He was born in the State of South Carolina, September 25th, 1814, but came to Georgia in early life. He married Miss. Clarissa Brazleton, of Jackson County, in 1838, and soon after settled on Toccoa River, in what was then Gilmer County, where he resided until his death. He filled with usefulness and distinction high positions in the military and civil service of the State. Elected a Captain in the war with the Seminole Indians in Florida, in 1837, and promoted to the command of a regiment in 1838, he served through that contest with honor and distinction. In 1840 he was elected to represent Gilmer County in the Senate and continued to represent the county until it was united with Murray in a senatorial district, which he also represented, serving in the Senate consecutively for the period of ten years. As a Senator, he exhibited high qualities for debate and legislation, and at once took his position among the leading minds of the State, rendering to the county signal service. In the fall of 1851 he was nominated for Congress, in a district (the Fifth) distinguished for its talent, and after a brilliant canvass, marked by intense excitement and enthusiasm, defeated his accomplished antagonist, the Hon. W.H. Stiles, by a large majority. Entering the House of Representatives in the calm between the agitation of 1850 and 1854, he made but one speech during the term. It was delivered March the 5th, 1852, on “The Union and Southern Rights Parties in Georgia.” He was re-elected to the 33rd Congress. It was during this session that the Kansas-Nebraska Act, under the leadership of Douglass in the Senate, and Stephens in the House, was passed. In the culmination of the excitement upon this subject, on the 20th of May, 1854, Col. Chastain delivered a very able speech, probably the ablest of his life. Belonging to the progressive school of statesmen, the detester of tyranny, and a worshiper of liberty, he favored the acquisition of Cuba, and made his last speech in Congress June 12th, 1854, upon that subject. The convention that nominated his successor unanimously adopted a resolution approving his official conduct as a representative of the people. After four years of public service, in exciting terms, involving many hundreds of votes on every variety of questions arising in the National Legislature, with each of these votes closely scrutinized by over a hundred thousand constituents, an unanimous judgementof approval is no ordinary compliment, and one that seldom falls to the lot of public servants. In 1857 he was appointed by Gov. Brown attorney for the Western and Atlantic Railroad, which office I believe he resigned. He was chosen a delegate from Fannin County to the Convention in 1861. He believed honestly that secession was the only remedy for existing evils and apprehending dangers, and, true to his nature, without counting the cost or looking to consequences, he followed the convictions of his heart, and the dictates of his judgement, and ardently supported secession.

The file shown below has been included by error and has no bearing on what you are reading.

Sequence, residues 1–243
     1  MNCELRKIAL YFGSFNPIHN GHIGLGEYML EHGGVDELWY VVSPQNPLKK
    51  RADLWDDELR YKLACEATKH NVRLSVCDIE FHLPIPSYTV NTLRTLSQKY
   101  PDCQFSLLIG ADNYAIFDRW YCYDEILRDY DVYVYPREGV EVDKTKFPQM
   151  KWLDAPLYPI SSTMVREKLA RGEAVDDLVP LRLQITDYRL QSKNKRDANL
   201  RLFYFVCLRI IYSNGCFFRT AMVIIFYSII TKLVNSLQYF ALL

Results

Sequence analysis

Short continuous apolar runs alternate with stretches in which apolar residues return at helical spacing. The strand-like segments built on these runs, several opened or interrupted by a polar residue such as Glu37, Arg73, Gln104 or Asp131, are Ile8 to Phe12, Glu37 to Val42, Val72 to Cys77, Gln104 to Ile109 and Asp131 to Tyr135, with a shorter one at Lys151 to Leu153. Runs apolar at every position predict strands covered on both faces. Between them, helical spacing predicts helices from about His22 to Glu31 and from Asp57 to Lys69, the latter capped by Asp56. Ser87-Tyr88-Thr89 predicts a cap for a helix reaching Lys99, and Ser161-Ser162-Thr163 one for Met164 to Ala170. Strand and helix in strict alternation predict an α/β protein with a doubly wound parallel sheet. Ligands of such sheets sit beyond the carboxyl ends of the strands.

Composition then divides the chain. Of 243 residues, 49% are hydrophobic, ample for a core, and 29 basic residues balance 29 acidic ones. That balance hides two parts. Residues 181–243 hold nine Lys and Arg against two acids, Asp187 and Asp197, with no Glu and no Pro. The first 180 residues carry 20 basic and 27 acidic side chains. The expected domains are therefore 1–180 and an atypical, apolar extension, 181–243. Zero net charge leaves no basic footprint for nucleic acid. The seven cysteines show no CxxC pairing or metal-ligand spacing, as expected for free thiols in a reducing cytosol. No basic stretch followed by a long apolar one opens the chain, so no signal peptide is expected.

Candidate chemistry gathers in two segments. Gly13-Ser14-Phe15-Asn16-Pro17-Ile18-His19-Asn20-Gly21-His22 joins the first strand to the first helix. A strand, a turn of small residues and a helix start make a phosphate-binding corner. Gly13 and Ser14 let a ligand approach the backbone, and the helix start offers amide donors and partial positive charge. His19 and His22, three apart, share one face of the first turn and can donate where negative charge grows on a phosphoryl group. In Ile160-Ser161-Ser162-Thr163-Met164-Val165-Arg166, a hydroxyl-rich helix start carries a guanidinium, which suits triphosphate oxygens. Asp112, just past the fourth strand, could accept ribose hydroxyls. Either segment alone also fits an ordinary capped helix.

At the commencement of the late war he served as Lieutenant Colonel for some time of the 1st Regiment Georgia Regulars. I am not advised how long. This was his last official public service; but he never ceased to feel a deep interest in all matters affecting the public interest, whether of a political, material or moral character, and was always ready to make his contribution of means, labor or sacrifice for their advancement.